'The life that we live here has its own peculiar attractiveness, and allure all its own, especially in its harmony with the rest of the creation. The bond of human friendship has a sweetness of its own, binding many souls together as one. Yet because of these things we value, sin is committed. We have an inordinate preference for these things of a lower order while neglecting the better and the higher good. We neglect You, Lord God- Your truth, and Your law.
While these inferior things we value have their delights, none are equal to You. For in You, O God, the righteous delight and You are the sweetness of the upright in heart.'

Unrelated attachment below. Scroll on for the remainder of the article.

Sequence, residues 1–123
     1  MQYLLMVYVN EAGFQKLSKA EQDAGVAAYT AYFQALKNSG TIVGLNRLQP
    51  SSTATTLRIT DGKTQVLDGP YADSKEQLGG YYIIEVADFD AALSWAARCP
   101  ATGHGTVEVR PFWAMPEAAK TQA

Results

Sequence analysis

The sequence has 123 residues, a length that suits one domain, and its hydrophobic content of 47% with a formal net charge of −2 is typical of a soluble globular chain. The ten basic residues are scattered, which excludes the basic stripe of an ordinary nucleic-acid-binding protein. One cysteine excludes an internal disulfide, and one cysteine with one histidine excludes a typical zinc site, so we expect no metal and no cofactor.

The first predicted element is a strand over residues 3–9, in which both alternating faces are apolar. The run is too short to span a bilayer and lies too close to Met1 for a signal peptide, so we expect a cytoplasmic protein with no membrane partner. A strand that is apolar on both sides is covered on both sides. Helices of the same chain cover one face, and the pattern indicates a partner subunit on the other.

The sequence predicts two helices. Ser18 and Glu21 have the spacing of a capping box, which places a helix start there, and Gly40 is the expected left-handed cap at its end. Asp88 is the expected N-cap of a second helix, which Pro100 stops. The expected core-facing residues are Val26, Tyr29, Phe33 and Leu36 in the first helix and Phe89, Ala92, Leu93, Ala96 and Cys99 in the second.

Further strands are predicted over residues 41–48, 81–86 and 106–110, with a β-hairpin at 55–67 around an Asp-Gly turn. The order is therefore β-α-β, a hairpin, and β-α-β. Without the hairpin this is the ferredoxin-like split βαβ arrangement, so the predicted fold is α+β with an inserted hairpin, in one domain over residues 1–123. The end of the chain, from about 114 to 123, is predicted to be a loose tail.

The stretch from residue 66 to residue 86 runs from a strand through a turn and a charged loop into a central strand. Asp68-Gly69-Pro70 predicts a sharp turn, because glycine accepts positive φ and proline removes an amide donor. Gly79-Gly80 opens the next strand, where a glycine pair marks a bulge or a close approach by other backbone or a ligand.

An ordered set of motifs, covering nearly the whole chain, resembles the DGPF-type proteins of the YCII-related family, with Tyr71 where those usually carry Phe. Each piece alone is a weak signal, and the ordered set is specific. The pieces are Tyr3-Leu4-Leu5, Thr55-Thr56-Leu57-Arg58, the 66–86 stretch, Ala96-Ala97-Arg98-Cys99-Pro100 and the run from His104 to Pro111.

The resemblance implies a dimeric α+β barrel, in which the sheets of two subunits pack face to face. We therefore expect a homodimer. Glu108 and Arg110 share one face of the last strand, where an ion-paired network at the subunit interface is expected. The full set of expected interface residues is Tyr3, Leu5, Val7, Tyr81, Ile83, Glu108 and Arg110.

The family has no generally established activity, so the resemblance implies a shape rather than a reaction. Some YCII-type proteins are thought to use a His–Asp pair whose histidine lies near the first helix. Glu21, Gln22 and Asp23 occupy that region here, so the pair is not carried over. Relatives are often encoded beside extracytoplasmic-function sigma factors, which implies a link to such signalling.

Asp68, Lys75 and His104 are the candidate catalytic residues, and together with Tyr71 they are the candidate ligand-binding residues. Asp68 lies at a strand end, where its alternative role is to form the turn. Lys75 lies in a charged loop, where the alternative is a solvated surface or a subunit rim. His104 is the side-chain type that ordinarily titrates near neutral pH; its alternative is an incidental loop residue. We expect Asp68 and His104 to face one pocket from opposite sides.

Thursday, 28 January 2010
'At the heart of the book is a noble effort — to help modern people understand why God allows suffering, using a narrative form... I have heard many reports of semi-believers and non-believers claiming that this book gave them an answer to their biggest objections to faith in God. However, sprinkled throughout the book, Young’s story undermines a number of traditional Christian doctrines.
... The God of The Shack has none of the balance and complexity of the Biblical God. Half a God is not God at all.'- Tim Keller
Monday, 11 January 2010
Friday, 8 January 2010
When God came to earth in Jesus Christ... He became the man nobody wanted. He was born in a manger. He had no beauty that we should desire him (Isaiah 53:2). He came to his own and his won recieved him not (John 1:11). And at the end everybody abondoned him. Jesus cried even to his Father: 'Why have you forsaken me?'